Chris Loomis is the assistant preparator at the Johnson.

The massive Mandarin character shown here translates to “hero” in English and spans three of the fifty-six panels making up the monumental scroll Immortal at the River by Taiwanese artist Tong Yang-Tze.

The women pictured here, however, are our very own heroes!

Rebecca Johnston and Brook Prestowitz are paper conservators from the Williamstown Art Conservation Center in Massachusetts, and they quite literally saved the day for the Johnson Museum team.

In February, Tong Yang-Tze’s installation crew traveled to Ithaca from Taipei to prepare the scroll for exhibition at the Johnson. This specialized work became caught in pandemic limbo when the team was unable to travel back to take down the work. So two of the Johnson’s curators (of Asian art, and of prints and drawings) teamed up, still working remotely, to identify the right regional specialists who could complete this careful task.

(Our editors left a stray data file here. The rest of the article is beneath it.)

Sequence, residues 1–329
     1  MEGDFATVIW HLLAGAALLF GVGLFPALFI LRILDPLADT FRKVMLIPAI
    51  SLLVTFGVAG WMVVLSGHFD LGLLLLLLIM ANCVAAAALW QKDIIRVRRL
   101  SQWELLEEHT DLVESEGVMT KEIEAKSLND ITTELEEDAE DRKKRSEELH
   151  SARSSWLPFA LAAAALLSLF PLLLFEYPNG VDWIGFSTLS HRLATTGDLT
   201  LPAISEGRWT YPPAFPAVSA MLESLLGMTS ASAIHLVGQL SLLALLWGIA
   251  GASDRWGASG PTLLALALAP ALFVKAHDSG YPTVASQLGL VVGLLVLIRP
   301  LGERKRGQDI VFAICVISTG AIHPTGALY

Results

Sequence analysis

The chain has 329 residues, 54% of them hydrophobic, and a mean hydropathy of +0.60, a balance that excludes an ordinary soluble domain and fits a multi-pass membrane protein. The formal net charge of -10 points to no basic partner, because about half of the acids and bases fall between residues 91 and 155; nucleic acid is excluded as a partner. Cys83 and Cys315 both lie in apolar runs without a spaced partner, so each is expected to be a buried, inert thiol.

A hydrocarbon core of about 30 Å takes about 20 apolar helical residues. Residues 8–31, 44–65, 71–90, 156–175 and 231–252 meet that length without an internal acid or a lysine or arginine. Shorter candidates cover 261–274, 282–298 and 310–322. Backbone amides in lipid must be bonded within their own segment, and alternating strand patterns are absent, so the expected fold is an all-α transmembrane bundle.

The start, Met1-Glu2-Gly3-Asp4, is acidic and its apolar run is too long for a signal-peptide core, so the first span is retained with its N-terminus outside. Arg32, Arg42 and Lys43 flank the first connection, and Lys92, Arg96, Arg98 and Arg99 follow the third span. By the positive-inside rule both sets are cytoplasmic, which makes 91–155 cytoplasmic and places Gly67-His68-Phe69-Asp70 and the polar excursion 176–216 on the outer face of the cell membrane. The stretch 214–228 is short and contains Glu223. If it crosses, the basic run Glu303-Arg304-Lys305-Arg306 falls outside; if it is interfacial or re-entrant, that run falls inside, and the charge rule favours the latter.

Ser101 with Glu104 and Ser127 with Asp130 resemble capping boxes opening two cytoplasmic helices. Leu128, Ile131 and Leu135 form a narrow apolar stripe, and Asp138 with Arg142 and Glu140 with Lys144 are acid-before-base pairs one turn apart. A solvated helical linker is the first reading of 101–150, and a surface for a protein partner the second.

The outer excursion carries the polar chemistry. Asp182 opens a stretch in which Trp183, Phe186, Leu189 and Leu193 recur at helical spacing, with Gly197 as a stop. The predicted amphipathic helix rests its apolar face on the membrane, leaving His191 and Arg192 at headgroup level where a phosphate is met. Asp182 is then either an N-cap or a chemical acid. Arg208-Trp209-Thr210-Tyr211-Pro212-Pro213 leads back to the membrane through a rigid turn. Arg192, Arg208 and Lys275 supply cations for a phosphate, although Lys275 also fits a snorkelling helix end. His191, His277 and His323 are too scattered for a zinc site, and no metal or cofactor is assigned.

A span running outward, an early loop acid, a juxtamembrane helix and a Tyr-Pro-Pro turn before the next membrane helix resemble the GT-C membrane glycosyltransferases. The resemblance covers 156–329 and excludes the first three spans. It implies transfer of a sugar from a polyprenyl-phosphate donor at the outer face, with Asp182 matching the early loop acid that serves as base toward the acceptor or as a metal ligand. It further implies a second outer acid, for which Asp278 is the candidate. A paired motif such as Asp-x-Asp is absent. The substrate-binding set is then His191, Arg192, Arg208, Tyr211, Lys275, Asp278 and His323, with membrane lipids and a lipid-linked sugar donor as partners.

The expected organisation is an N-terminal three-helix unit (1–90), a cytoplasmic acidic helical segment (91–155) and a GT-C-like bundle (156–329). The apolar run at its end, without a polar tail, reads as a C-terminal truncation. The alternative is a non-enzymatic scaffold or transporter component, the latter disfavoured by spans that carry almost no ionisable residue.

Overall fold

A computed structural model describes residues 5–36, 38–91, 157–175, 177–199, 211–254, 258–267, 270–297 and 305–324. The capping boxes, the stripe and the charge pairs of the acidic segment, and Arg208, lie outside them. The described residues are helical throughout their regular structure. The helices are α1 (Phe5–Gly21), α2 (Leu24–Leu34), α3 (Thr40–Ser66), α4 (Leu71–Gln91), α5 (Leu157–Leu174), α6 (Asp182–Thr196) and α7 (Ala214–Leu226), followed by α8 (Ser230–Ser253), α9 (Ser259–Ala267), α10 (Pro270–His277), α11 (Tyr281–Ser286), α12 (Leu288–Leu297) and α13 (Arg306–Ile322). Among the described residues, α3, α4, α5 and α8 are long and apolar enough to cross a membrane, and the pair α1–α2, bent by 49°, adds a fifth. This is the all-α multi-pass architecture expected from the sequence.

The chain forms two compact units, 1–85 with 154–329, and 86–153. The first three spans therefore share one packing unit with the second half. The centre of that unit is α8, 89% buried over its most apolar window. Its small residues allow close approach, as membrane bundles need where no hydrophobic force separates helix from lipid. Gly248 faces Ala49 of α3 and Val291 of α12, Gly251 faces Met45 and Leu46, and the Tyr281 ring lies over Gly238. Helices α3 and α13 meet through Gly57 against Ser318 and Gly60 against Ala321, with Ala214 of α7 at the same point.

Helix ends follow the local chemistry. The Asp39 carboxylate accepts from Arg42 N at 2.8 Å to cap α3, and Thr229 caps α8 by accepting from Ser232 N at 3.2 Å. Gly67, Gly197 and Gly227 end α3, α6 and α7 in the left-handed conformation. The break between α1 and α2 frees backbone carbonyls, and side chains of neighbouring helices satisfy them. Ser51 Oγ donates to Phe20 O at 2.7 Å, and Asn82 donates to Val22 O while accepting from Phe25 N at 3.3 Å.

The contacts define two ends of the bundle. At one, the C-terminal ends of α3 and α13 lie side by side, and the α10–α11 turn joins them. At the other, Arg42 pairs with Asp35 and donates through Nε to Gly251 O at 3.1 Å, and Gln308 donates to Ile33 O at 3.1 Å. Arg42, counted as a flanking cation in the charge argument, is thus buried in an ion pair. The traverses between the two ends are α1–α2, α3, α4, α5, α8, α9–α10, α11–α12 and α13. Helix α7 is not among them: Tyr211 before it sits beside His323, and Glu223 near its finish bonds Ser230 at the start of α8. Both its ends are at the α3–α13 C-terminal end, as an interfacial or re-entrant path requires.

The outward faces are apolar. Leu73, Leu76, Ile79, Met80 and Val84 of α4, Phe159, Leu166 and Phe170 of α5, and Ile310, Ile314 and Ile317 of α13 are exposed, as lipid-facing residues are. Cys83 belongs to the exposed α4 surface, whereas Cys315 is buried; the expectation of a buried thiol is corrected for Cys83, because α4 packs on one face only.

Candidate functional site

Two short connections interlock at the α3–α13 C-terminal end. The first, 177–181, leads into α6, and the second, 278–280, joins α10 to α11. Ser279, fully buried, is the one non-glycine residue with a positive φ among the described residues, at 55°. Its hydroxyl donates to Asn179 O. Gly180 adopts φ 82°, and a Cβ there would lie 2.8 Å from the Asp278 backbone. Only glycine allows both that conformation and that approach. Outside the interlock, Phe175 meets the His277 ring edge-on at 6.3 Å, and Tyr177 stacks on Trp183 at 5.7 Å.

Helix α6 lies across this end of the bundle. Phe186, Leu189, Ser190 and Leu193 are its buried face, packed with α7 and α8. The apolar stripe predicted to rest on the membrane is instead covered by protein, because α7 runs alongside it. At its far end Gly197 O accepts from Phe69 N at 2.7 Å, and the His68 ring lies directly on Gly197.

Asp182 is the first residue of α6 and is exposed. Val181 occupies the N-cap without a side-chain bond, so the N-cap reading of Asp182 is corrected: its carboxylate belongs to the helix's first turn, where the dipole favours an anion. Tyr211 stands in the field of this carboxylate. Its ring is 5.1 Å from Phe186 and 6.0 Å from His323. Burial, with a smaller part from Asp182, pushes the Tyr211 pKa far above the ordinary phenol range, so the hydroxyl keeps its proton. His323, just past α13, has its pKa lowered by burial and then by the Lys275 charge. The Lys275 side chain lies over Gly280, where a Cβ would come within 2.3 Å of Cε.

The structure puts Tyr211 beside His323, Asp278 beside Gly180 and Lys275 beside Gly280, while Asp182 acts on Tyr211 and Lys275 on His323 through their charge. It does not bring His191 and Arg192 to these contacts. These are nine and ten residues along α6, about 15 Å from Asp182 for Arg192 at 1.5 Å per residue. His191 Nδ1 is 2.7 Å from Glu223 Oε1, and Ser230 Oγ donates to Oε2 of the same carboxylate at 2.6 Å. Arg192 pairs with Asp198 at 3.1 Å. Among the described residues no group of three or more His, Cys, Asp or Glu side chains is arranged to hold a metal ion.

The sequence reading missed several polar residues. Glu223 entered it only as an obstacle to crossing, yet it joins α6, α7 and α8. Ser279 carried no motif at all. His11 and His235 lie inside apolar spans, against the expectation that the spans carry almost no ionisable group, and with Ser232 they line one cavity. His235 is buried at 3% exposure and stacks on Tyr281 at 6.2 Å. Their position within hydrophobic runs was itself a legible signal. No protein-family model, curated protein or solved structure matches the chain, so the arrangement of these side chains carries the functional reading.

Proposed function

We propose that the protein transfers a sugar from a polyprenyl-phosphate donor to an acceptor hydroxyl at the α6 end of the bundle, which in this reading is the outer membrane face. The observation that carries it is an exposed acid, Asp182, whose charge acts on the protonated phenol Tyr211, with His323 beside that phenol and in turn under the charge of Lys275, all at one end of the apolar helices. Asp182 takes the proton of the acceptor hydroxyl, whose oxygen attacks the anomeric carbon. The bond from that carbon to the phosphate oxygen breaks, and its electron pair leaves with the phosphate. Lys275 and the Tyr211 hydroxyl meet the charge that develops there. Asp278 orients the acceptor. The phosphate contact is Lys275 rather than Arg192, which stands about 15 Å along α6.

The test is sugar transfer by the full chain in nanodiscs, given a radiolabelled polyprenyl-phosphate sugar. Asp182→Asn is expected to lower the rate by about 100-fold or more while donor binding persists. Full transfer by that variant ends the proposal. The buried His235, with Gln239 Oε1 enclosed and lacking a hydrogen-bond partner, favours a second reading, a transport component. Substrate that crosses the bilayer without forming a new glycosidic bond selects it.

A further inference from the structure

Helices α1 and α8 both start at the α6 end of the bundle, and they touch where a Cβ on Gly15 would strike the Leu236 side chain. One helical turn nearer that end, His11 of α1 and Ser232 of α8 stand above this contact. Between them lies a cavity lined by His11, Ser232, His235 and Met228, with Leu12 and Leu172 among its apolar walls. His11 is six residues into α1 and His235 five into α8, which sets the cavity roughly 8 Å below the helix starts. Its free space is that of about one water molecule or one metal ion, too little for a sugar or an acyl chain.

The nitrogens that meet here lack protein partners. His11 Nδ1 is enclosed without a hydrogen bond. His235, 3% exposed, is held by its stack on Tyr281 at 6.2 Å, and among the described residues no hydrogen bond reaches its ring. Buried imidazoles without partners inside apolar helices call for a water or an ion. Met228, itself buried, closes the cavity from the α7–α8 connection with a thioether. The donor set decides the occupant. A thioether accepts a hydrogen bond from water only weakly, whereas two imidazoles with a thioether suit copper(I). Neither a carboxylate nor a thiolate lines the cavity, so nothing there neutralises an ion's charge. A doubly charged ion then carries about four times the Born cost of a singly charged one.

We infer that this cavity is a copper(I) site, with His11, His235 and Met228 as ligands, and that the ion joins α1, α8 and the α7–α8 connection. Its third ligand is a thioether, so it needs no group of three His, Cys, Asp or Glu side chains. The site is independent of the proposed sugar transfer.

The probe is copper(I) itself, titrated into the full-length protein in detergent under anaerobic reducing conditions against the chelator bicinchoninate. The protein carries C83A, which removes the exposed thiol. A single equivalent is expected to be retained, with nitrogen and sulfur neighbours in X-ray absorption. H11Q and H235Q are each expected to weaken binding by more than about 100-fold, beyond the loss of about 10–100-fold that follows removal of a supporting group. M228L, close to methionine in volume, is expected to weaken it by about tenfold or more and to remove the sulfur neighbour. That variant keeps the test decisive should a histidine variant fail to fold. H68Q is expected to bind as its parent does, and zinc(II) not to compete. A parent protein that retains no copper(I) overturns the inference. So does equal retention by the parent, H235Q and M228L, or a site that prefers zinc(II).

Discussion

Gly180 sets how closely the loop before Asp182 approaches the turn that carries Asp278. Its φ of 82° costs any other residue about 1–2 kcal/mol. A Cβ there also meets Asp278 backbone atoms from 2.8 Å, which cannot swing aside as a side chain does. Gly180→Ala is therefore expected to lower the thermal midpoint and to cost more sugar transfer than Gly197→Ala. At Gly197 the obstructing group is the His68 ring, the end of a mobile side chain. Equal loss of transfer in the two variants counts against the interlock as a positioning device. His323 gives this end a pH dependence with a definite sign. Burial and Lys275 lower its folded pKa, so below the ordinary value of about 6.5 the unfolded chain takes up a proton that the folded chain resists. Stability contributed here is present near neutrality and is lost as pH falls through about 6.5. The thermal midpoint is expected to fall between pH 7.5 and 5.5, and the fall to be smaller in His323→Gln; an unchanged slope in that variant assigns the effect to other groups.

Ellen Avril is the Johnson’s chief curator and curator of Asian art, and cocurated the exhibition with An-yi Pan, associate professor in the Department of the History of Art and Visual Studies. “We are grateful to Tong Yang-Tze and her installers for entrusting the Williamstown conservators and our team to take on this skilled task. This collaboration indeed exemplifies the ‘we’re all in this together’ spirit.”

Over the course of four days last week, Rebecca and Brook were able to successfully and safely remove the scroll from our gallery walls. Super flexible and strong custom carbon-fiber spatulas made by bookbinder and book conservator Jeff Peachey were used along with other specialty tools to split the artwork panels and its paper backing from the supporting tissue that was pasted directly to the wall. It was very difficult and delicate work, but these pros made it look easy.

As one of the Johnson’s preparators, it was a privilege to work through this unique process, not just with our team and Museum registrar Matt Conway, but also Professor Pan in Ithaca with the remote guidance of the artist’s conservator in Taipei.